This project assumes you already know how to solder and splice wires together. Also, lithium batteries can be dangerous if not handled properly. Go to this page of my other instructable for a detailed warning of everything which could go wrong.
Step 1: PCB
Because Lithium ion batteries are so volatile, a PCB must be used to protect the batteries. Lithium-ion cells can be ruined or even catch fire if they are over charged or if the current limit were exceeded. Their most useful function in my opinion it to prevent the cell voltage from dropping below 2.5 volts. Lithium-ion cells would be ruined if they were allowed to discharge below 2.5 volts. The PCB shuts off the circuit once that lower limit is reached.
If you short the pack the PCB will close the circuit and will not turn back on unless you fix the short and plug the charger into mains power. Also, the first time you put the pack together it may not work until you apply 4.2 volts to the charge/power leads on the PCB. This may be necessary even if the batteries are most of the way charged. Applying 4.2 volts will turn the PCB on.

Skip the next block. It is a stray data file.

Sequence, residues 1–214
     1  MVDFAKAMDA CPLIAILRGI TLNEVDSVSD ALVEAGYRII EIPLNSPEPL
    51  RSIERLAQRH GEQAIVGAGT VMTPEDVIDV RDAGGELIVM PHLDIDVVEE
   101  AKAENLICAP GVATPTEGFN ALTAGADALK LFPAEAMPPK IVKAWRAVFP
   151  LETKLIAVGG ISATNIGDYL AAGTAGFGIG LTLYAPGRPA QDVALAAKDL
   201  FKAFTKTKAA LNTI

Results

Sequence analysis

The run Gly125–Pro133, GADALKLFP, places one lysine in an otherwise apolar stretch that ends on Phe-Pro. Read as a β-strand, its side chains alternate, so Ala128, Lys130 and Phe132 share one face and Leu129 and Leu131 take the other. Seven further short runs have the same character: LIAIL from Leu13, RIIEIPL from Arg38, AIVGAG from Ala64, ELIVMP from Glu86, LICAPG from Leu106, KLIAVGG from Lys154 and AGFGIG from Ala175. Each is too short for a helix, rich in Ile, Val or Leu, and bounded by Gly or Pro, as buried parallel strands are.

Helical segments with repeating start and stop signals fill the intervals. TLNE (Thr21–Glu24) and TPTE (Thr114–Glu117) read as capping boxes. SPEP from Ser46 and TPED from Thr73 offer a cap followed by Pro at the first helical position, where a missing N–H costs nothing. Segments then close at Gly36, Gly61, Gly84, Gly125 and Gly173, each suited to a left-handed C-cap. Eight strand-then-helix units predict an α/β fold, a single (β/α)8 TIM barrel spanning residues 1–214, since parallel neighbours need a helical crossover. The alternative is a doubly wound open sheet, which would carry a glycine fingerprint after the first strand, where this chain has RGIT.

The PCB protects against shorts coming out of the PCB itself, but it is still possible to cause a short from the wires coming directly out of the cells. The PCB would not save the pack in that instance.
Step 2: Wire Up the Cells
In the picture you see 5 battery holders with 4 18650s each. Later I felt that much juice was overkill so I removed 3 of the packs. That is the beauty of this pack because I can customize it to the capacity I need. Cycling around town I use 8 cells but on a long bike tour I would probably use all 20. All I need to ad or remove cells is a screwdriver.
I separated the battery holders with cardboard and pieces of plastic to make sure they would not short.
Step 3: Charger
12 amp hour pack / 6 amp charger = 2 hour charge time
I cut the alligator clamps off the charger and wired them into the charge leads on the PCB.
Step 4: What Can You Do With This Pack?
Another use is to charge my cell phone. I found a tiny step up switched mode power regulator at Dimension Engeneering. It is perfectly designed to take varying output of a 3.7 volt nominal pack and step it up to the 5 volts necessary to charge a phone. Having a way to charge a phone on long bike tours is very useful. When I am using my phone's gps to navigate the battery is drained in 2.5 hours. With the external pack (with all 20 cells) I can extend that to about 75 hours!
I am going to cycle across the US in the summer and I hope to use the gps logging cellphone app called "My Tracks" to log every mile of my journey. I will charge the pack at restaurants and hostels whenever I get the chance. This is very easy to do because the pack and charger are housed in my removable handlebar bag.